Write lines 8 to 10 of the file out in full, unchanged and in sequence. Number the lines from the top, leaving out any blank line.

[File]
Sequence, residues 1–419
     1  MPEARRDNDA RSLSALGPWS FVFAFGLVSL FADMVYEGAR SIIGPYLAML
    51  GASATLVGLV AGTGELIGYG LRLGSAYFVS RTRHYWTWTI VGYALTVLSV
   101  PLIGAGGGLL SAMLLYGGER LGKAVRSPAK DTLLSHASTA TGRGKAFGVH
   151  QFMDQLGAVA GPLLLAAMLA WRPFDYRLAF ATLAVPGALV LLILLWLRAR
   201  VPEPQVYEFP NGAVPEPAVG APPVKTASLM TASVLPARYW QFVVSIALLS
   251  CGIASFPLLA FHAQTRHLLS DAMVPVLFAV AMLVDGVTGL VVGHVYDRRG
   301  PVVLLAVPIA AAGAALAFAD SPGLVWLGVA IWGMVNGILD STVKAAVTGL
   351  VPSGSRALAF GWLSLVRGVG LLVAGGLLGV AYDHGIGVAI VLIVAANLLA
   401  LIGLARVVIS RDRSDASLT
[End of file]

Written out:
   301  PVVLLAVPIA AAGAALAFAD SPGLVWLGVA IWGMVNGILD STVKAAVTGL
   351  VPSGSRALAF GWLSLVRGVG LLVAGGLLGV AYDHGIGVAI VLIVAANLLA
   401  LIGLARVVIS RDRSDASLT